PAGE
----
According to one of Asakereh’s relatives, the stall was not blocking the sidewalk or any other business; there was no reason to believe that it was disturbing anyone. The relative also said that, before Askareh set himself alight, he had appealed to authorities, asking them to reconsider their decision and warning them that he was desperate.
Asakereh’s funeral took place under tight security measures and his family was warned not to talk to the press, suggesting that local officials were concerned how the public might react. If people started discussing his death and the incidents that led up to it, it could lead to a range of uncomfortable outcomes for local officials and the government, including protests or online campaigns.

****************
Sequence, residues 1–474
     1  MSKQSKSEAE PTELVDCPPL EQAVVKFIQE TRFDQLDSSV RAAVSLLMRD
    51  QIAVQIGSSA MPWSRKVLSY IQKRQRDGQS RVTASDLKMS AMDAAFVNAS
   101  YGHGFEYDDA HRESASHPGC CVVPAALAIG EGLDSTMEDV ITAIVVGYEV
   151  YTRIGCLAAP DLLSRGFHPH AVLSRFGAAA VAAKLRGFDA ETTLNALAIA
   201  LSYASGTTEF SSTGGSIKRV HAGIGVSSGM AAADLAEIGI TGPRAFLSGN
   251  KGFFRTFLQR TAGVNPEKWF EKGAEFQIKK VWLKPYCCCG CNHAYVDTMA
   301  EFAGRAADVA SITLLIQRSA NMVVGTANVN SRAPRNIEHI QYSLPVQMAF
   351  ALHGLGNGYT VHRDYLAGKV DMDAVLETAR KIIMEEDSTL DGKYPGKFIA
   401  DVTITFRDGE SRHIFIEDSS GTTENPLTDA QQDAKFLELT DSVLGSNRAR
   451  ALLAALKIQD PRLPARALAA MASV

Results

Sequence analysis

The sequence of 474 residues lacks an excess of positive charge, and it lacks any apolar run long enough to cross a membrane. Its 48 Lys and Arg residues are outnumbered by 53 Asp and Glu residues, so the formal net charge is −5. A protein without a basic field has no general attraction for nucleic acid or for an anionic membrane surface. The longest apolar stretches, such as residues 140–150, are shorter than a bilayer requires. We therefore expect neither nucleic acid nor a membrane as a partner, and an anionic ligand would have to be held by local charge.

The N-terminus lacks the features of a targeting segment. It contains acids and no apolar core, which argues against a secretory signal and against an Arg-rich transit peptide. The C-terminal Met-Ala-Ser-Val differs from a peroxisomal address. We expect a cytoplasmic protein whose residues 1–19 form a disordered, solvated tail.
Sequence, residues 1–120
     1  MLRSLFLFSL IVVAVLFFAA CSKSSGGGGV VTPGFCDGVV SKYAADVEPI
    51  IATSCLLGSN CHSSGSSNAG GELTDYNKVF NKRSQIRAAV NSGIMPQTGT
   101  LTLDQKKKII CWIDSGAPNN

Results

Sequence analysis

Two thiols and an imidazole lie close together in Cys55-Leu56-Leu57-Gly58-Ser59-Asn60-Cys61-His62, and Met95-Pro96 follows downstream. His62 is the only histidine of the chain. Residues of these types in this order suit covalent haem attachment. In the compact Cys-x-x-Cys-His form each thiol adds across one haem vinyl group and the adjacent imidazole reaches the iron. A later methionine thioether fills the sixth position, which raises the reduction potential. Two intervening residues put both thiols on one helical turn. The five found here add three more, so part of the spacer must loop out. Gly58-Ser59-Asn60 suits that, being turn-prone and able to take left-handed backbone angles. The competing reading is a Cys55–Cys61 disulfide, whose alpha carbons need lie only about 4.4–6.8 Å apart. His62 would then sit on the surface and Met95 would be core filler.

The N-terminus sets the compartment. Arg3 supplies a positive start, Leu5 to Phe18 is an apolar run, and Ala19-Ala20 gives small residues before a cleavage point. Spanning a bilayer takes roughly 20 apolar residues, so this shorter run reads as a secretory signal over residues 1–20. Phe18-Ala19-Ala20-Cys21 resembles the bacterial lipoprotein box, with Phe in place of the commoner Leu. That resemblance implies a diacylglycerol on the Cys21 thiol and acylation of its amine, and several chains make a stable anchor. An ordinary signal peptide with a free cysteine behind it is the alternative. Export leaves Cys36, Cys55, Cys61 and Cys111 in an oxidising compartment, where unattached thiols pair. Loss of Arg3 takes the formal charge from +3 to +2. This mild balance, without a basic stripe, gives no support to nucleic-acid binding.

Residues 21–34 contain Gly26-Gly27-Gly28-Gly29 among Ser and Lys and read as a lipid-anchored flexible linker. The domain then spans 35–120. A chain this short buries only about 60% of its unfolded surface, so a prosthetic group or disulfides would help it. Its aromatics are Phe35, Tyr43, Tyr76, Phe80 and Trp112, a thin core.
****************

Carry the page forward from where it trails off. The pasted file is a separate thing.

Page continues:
But lawyer Mousa Berzin Kalifelo does not believe that municipally officials can be held legally responsible for Asakareh’s death even in terms of causation — the legal description for a situation where an outcome is linked to an action taken by an individual, company or government. “Authorities cannot be assigned legal responsibility for refusing to grant him permission to set up his stall, since this permission is given based on municipalities’ bylaws and decisions and varies from one city to another,” he says. As a result, he says, it is difficult to argue that local officials were under obligation to grant Asakereh a permit. “Moreover, criminal responsibility cannot be assigned to municipal officials even in terms of causation, since causation only applies where there is a direct link between the cause and the effect, whereas in this situation the acts of the municipality officials did not cause the death. Asakereh’s death was caused by self-immolation.”